In A Room of One's Own, her groundbreaking treatise on sexism, society, and art, Virginia Woolf had it right: "We think back through our mothers if we are women." Any attempt to understand ourselves without considering our mothers, and their mothers, and their mothers, will eventually dead-end in a sign that says "You can't get there from here." To move forward, sometimes we must first move back. My mother and aunt still turn over questions about my grandmother, now dead ten years. "When do you think things changed for the worse?" they ask each other. "Why were you the 'good' daughter and I the 'bad' one?" "What made her so unhappy?" With nine grown daughters between them, my mother and aunt are still working out a relationship in which one of the major players is dead. But that doesn't matter. The mother-daughter relationship remains alive for women, long before birth and long after death. It is the lens through which they filter their past, as well as their present and future, experience. "Why don't they just let it go?" my sisters, cousins, and I ask one another. As far as we're concerned, this particular plot of land has been farmed entirely too long. But when it comes right down to it, why should they stop talking about their relationship with their mother? As long as they continue to till, seed, and water that soil, their work will unite them as sisters and will...The Common Thread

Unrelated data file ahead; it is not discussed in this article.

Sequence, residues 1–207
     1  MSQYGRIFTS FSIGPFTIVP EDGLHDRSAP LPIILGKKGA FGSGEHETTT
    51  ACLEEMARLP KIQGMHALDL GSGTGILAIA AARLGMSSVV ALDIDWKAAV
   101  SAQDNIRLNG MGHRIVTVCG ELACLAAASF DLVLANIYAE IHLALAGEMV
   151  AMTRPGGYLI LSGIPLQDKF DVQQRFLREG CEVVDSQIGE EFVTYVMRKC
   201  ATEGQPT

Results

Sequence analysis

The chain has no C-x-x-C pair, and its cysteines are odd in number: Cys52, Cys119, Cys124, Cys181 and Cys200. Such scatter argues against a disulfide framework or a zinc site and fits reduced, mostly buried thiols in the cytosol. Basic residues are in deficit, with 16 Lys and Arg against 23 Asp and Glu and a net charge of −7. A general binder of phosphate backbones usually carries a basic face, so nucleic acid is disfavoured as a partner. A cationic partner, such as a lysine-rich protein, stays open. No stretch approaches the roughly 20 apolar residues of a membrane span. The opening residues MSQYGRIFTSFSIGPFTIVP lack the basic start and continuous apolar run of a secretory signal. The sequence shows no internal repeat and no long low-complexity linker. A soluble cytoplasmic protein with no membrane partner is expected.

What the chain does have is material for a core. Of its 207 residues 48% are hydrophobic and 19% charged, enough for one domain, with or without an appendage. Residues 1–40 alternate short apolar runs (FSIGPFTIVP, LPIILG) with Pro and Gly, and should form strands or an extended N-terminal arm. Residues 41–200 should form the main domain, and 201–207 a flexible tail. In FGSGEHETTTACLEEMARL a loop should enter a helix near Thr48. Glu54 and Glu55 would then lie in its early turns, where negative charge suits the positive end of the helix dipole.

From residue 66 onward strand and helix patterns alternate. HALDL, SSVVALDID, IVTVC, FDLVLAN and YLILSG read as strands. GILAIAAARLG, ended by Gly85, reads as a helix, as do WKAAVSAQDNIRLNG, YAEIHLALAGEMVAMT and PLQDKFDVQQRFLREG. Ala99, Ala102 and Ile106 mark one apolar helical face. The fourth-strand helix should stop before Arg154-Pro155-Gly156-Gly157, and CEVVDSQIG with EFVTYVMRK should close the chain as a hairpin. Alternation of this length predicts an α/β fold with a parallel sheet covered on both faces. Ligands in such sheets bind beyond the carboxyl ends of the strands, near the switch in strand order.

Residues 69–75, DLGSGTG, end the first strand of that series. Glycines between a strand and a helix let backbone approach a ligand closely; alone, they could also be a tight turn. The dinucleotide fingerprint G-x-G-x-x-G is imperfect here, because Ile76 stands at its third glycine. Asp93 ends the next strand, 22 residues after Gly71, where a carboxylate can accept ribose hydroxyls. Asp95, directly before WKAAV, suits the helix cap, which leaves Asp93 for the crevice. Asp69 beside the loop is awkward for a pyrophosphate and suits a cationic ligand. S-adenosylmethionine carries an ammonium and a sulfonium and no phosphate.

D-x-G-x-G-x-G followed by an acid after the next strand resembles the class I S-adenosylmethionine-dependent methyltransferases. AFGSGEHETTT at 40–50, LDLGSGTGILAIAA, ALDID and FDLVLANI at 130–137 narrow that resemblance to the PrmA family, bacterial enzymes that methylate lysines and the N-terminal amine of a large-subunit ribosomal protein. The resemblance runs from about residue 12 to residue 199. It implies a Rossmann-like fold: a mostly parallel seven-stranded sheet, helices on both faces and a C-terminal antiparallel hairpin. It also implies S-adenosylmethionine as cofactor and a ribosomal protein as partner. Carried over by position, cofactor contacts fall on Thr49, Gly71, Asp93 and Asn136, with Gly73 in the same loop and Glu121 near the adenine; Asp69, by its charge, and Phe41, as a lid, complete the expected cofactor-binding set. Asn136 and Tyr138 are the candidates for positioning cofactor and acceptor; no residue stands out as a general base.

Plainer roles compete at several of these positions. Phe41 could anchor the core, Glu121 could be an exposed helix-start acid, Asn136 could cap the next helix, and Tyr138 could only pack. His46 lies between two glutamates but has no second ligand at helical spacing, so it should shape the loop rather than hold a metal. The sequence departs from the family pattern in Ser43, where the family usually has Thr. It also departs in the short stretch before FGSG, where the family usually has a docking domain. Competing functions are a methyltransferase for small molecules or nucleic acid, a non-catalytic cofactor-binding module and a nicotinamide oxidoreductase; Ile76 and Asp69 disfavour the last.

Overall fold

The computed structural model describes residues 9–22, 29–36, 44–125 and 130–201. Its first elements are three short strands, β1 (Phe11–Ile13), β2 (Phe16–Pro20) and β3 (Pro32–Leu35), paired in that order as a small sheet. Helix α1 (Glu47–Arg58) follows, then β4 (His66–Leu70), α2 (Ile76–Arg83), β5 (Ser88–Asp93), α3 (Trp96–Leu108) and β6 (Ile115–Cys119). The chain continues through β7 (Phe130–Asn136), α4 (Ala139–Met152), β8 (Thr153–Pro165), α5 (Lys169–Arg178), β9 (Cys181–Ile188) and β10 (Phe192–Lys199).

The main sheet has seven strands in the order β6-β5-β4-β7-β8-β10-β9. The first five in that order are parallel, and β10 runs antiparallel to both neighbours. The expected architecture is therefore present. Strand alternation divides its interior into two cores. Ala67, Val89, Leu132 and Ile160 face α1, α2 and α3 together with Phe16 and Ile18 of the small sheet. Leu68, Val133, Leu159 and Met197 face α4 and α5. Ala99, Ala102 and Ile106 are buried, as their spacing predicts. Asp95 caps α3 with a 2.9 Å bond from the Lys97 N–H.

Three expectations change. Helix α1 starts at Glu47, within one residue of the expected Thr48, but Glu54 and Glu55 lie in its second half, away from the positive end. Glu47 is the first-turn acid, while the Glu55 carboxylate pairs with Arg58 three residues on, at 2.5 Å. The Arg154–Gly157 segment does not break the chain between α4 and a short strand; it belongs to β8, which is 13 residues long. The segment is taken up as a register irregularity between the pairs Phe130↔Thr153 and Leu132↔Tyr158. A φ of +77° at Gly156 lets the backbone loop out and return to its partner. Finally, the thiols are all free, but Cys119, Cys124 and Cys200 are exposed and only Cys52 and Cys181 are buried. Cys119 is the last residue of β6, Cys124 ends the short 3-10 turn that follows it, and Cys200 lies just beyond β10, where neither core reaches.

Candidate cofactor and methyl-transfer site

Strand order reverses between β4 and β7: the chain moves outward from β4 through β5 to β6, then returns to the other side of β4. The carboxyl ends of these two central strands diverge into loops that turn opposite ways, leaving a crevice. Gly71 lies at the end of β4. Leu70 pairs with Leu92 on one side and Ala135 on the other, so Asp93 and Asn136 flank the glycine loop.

|Foreword: The Safety Net: Right Mommies and Baby Birds by Rosie O'Donnell||ix|
|Introduction: The Old Lady and Her Mother||1|
|1||Mothers and Daughters: The Big Deal||9|
|2||Empathy: The Strongest Bridge||33|
|3||Pregnancy and Childbirth: Raw Materials||60|
|4||Infancy: Mutual Attachment and Synchrony||94|
|5||Childhood: Learning the Language of Feeling; "I Can, Therefore I Am"||122|
|6||Adolescence: Identity, Differentiation, and the Door That Swings Both Ways||162|
|7||Young Adulthood: Turning Out and Turning Into||209|
|9||Later Years: Shifting Needs||293|
|Afterword: Elephants and Other Big Mothers||314|